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Ann Florini

Ann Florini

      . . . Ann Florini, globalization expert. Author of The Coming Democracy: New Rules for Running a New World, Ann Florini is senior fellow at the Brookings Institution in Washington, DC. She directs their project on New Approaches to Global Governance.  Earlier, Dr. Florini served the Carnegie Endowment for International Peace as a senior associate and worked for the Rockefeller Brothers Fund. With a PhD from UCLA, her two young daughters motivate her.

Excerpts3:36 secs

Globalization is not optional, but the future that globalization shapes is, declares Ann Florini. Neither a hopeful nor a miserable future is inevitable, she says, opting for hope that drives actions with tools she says are already available. Put together three themes -- the growing norm of “transparency,” the rise of NGOs and civil society, and the dramatic change in information technology -- and we already have new ways to solve global problems. She shows how in The Coming Democracy:  New Rules for Running a New World. Whether it’s the rich and famous or the humble and unknown, people are putting the three themes Dr. Florini identifies to work.

Transparency:  This is a relatively new and rapidly growing concept that applies to any concentration of power -- a corporation, a government, an international organization -- and says that each has an obligation to report on itself.  Why? So that it can be held accountable by the people who are affected by what it does, not just shareholders or constituents, but everybody, Dr. Florini says.

Civil society and NGOs: The very broad concept includes church groups, NGOs, individuals who share a passion for a local issue or a global one, now that globalization has made global and local indistinguishable -- any group who gets together because they care about some kind of problem. They take the information made available by transparency (yes, they probably have to dig for it) and channel it in ways that make it usable for people who want to do something in response.

Information technology:  Right now, we’re inundated with noise, not information, and a lot of people shouting at each other. What is needed (and what transparency increasingly gives us) is useful information that tells us about what problems look like in the world and what you can do about those problems from your position in a corporation or a community group, wherever you decide to put yourself in civil society or an NGO focused on something that you care about.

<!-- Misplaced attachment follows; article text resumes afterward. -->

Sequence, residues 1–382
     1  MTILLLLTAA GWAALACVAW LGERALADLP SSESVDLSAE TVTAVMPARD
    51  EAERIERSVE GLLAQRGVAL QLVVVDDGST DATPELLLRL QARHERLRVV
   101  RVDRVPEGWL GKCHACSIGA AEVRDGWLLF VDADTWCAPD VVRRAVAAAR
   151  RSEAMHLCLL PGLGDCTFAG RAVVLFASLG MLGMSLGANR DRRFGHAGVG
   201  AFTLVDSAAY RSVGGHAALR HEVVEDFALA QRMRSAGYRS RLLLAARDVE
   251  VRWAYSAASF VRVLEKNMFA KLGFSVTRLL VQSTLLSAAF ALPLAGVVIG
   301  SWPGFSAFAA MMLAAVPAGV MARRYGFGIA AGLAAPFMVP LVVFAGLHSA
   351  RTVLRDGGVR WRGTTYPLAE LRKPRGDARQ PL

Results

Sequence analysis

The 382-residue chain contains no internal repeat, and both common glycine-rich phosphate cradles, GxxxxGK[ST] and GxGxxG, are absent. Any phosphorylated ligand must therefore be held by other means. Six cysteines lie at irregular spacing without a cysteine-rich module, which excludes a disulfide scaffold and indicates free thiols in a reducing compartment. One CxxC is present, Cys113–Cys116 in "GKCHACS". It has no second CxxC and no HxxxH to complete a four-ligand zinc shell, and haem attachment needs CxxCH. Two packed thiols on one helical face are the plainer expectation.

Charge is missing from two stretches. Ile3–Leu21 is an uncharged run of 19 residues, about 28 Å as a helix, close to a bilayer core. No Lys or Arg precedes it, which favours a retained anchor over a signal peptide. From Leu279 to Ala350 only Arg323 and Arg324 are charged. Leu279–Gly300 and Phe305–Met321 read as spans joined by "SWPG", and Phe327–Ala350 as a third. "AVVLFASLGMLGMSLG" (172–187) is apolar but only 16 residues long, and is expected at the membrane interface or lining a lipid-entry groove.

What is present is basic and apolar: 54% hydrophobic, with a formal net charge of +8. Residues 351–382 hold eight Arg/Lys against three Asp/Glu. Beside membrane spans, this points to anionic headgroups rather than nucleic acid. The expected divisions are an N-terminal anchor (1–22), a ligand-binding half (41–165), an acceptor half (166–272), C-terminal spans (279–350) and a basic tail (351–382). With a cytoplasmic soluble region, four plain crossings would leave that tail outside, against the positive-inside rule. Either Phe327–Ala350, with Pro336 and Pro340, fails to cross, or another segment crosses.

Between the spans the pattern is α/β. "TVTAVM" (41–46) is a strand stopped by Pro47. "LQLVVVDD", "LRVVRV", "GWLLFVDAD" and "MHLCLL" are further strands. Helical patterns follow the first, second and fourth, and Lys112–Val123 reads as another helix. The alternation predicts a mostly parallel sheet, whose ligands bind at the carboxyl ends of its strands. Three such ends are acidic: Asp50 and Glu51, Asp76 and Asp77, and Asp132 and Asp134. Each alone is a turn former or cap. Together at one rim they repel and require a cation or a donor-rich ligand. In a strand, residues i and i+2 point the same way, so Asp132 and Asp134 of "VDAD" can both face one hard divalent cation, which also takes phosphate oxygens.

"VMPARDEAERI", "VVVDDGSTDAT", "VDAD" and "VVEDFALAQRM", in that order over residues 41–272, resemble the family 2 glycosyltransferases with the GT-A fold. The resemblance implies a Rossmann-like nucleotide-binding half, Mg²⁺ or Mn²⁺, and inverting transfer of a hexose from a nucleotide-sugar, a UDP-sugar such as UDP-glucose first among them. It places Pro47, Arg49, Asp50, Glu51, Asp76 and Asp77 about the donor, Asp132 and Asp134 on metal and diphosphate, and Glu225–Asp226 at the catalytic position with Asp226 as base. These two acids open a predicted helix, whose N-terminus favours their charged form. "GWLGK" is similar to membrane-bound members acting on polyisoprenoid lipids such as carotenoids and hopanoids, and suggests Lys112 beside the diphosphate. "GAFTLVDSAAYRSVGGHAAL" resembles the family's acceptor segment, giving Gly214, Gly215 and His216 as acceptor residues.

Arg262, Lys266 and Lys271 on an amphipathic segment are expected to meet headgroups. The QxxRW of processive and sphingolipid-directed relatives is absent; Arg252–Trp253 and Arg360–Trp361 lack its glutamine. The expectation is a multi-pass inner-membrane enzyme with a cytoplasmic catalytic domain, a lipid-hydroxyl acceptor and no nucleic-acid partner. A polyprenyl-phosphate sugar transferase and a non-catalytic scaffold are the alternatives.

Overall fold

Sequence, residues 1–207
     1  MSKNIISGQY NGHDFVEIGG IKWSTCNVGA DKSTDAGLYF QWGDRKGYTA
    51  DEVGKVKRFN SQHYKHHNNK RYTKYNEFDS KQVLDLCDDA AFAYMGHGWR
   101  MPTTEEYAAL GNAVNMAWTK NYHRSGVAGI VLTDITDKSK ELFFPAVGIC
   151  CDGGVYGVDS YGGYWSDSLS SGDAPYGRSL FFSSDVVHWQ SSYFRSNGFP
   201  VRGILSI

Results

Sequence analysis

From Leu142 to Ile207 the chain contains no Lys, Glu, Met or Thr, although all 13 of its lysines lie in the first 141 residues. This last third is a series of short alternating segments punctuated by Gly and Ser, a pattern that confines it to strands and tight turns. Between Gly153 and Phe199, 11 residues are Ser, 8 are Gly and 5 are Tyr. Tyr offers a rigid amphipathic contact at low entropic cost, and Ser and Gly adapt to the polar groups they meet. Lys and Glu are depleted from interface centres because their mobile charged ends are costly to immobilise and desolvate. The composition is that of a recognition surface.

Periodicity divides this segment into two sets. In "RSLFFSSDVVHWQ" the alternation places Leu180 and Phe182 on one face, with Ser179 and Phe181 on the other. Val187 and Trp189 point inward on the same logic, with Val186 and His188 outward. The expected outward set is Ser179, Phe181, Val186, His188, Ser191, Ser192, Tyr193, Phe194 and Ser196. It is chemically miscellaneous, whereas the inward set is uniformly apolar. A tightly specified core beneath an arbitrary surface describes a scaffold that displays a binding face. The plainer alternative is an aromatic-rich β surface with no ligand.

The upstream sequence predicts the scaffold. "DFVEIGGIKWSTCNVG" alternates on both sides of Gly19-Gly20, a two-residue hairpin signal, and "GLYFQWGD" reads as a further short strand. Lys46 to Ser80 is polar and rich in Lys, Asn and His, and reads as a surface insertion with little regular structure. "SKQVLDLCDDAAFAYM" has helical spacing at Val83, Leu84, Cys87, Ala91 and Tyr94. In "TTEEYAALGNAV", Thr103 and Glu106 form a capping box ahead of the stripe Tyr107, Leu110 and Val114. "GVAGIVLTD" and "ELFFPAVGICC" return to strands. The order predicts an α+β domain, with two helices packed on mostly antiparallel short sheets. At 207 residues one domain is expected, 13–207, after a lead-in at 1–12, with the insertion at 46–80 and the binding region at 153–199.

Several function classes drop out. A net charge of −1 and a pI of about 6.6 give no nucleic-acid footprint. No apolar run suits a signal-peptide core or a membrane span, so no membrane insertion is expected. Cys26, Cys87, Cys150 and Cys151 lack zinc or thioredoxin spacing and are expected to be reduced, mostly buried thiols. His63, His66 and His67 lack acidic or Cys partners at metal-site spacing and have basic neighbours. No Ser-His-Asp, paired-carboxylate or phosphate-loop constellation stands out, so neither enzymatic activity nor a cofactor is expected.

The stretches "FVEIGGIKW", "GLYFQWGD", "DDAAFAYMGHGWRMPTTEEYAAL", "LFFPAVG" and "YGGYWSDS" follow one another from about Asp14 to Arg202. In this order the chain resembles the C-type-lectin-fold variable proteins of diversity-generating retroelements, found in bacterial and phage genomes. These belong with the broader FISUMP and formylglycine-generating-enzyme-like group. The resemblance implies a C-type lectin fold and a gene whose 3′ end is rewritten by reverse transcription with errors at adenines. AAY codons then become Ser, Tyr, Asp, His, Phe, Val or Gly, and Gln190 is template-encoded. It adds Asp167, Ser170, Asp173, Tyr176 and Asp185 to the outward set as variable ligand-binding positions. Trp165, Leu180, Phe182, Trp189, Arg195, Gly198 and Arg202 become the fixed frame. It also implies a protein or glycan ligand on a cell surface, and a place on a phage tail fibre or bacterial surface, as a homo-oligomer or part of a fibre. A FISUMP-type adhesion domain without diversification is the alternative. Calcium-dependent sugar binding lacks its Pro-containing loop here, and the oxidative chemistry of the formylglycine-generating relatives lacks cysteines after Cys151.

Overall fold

But first, if anyone anywhere is going to be secure, Dr. Florini discovered, the vast economic disparities between the rich countries and the poor ones must be addressed. The real threats to the security of the vast majority of the world’s people are disease, foul water, dirty air, civil wars, migration and the stinginess of rich countries, she found when studying terrorists, nuclear proliferation and arms.

What’s the lantern to light this path she chooses?  Stories, Dr. Florini says. People getting things done when governments (national or local) don’t or won’t. She is heartened by villagers in India holding their local officials accountable with newly available information; by Bill Gates using his fortune to address world health issues; by a single Vietnam veteran whose decision that land mines were unacceptable resulted in record time in an international treaty and the Nobel Peace Prize.

It’s as easy to choose a hopeful future as to be a scare-monger of looming misery and gloom, Dr. Florini insists. Both futures are possible. Neither is inevitable. Everything depends on the kinds of choices we make and what we -- not a bunch of experts -- choose to do. Right now.